It’s a lot to unpack there, so the guideline also includes a list of the kinds of films that generally don’t get approved:

1) Films that have a theme, storyline, or plot contrary to socio-culture, noble values, are seditious, anti-religious, insults the beliefs or customs of a particular community or group, have elements that contradict the policies of the government, excessive violence, and cruelty.
2) Films that have an illogical theme, storyline, or plot that may lead the citizens astray and cause foreign countries to have a poor perception of the socio- culture and noble values of the local population.
3) Films must respect Malaysia as a sovereign nation. Films that don’t but instead condemn Malaysia, smear the good name and image of the country and its people, contravene decorum and Rukun Negara (even if it is produced outside the country) are not approved.

That said, there are exceptions…

This “pre-approval” process is not necessary for other media, such as print, visual, performing arts, and anything on the internet.

This means that your TikTok clips, Instagram photos, YouTube videos, and independent films don’t have to be vetted by LPF before publication.


Well, the organisation itself told The Star that it only screens films and related publicity material that will be published conventionally, which does not include online materials.

In fact, none of the organisations mentioned above have jurisdiction over what does or does not get to be published online. Not MCMC, not LPF, and not FINAS.

So why did the recent controversy surrounding Mentega Terbang, an acclaimed independent film screened solely online, happen? 

And more importantly, how does MCMC play a role in it?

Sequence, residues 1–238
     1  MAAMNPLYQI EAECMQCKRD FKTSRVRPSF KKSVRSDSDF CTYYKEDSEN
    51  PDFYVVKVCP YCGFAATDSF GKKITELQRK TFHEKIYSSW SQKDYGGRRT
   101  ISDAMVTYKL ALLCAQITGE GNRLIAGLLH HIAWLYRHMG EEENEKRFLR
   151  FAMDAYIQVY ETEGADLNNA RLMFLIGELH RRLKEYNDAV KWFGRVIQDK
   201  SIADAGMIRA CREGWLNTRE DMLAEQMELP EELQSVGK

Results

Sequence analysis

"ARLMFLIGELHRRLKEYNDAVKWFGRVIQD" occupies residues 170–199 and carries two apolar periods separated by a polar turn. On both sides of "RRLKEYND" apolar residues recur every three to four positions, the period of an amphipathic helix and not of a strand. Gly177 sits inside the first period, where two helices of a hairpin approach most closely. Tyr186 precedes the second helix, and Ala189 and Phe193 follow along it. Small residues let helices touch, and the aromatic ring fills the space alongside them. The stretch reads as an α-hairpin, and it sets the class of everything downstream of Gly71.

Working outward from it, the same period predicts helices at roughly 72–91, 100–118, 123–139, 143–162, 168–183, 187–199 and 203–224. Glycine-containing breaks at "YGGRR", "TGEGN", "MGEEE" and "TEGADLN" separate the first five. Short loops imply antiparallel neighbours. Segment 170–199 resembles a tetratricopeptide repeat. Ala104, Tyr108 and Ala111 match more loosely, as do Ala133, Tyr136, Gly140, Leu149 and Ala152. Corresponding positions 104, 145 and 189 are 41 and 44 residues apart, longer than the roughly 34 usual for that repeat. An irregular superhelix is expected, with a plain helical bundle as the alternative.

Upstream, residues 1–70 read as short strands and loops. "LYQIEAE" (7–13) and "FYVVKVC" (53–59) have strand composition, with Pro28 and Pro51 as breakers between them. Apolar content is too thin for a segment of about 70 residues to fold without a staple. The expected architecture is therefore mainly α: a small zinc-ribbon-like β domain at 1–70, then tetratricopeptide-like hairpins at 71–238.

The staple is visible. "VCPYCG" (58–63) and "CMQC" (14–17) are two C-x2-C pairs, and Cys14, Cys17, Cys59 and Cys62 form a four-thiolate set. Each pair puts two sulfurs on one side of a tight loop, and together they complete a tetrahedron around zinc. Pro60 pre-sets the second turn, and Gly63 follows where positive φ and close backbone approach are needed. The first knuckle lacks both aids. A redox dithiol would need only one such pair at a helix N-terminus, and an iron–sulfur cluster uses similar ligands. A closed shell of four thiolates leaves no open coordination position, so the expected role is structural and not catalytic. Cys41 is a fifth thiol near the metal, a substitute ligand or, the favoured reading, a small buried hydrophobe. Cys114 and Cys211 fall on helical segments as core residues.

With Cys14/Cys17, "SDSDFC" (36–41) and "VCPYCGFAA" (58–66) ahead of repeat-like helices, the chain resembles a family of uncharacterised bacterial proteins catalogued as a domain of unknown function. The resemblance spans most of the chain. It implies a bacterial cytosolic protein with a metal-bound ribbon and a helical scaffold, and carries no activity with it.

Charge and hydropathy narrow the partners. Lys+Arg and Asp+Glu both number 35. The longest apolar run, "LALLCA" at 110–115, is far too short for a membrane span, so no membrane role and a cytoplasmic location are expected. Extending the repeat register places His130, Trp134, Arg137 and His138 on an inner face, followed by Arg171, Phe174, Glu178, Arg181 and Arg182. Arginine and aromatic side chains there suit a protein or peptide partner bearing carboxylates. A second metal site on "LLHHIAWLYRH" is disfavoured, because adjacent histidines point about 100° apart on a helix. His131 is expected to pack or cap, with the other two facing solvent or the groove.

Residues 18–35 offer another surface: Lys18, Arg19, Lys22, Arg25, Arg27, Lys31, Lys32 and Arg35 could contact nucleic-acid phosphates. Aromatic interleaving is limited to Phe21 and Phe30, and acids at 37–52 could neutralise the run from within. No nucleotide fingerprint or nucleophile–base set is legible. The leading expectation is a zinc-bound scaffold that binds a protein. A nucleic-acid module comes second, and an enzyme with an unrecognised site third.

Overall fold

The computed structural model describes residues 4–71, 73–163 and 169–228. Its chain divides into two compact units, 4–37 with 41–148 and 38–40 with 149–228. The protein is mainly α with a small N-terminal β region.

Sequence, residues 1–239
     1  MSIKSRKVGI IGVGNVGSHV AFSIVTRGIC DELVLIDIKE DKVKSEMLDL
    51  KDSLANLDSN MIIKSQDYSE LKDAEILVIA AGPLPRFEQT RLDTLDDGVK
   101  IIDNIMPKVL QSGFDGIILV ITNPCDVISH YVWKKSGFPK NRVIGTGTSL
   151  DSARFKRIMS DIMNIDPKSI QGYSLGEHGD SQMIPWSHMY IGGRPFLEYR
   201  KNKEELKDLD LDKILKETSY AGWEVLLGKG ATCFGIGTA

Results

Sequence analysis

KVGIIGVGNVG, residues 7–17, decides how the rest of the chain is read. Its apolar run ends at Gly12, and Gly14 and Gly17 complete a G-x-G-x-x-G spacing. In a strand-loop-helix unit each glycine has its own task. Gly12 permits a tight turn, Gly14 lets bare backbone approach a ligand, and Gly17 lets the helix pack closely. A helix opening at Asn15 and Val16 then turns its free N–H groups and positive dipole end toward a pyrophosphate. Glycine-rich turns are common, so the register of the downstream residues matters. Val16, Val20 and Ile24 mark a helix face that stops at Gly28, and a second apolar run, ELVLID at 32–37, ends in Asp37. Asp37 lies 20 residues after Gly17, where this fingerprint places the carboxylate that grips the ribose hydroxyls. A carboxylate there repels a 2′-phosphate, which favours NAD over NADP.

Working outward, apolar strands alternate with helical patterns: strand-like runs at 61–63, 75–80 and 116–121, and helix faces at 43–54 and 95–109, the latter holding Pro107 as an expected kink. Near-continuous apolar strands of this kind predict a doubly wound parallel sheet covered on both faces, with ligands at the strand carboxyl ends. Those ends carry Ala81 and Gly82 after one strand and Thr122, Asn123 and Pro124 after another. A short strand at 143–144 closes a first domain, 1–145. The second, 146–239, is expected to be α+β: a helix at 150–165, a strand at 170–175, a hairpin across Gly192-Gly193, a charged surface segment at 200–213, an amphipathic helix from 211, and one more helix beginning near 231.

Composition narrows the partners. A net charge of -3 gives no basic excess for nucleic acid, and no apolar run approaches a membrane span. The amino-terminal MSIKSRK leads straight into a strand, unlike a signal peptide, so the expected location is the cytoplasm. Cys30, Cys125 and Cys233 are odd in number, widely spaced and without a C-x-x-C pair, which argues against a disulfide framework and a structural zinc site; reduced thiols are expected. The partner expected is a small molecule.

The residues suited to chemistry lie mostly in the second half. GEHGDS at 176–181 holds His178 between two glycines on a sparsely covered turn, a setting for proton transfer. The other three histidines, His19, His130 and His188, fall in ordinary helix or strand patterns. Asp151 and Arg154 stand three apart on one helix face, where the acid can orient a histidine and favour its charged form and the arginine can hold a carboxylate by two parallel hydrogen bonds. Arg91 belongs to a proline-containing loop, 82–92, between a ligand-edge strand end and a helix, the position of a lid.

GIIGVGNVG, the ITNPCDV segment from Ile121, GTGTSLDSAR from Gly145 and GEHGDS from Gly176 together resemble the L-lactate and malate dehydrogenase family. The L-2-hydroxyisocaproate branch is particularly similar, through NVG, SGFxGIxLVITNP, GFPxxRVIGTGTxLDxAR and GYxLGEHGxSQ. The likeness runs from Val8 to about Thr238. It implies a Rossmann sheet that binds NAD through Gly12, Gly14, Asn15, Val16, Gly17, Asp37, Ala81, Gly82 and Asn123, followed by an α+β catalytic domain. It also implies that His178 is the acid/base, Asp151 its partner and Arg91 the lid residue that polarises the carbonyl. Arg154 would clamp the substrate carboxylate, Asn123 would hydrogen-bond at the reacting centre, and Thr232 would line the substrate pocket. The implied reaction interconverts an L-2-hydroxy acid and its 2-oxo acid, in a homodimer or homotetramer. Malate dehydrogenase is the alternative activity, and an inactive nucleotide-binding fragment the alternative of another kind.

Let’s rewind to the start

Many of the film’s important scenes are set at the dining table / Image Credit: Mentega Terbang

Mentega Terbang is a slice-of-life film about 15-year-old Aisyah and her exploration of faith and the afterlife following her mother’s declining health.

It touches on various differences and similarities that the major religions in Malaysia share. Not a topic most local films would go near, since religion itself is quite a sensitive matter. 

The film had been screening underground for the past two years (released in 2021), despite being showcased at the Indonesian Jogja-NETPAC Asian Film Festival in 2021 and the 2022 Aceh Film Festival.

That is, until Asian streaming platform Viu decided to onboard the film on January 19, 2023.

The film’s co-producer, Tan Meng Kheng, said in a statement that the initial audience reception was overwhelmingly positive. But that all changed when MCMC stepped in and requested Viu to take the film down.

Speaking to Free Malaysia Today, the commission admitted that although they had no authority as the film did not fall under its purview, it contacted Viu on the matter. 

The reason? “The MCMC will always cooperate and provide technical support to the state religious department to conduct investigations under the Shariah Criminal Offences Act,” MCMC said.

So the movie was effectively taken down on February 27, 2023. 

But the drama is just beginning 

Paint and acid thrown on Mentega Terbang director and screenwriter’s cars by assailants who also left death threats against them and their families / Image Credit: Hadi Azmi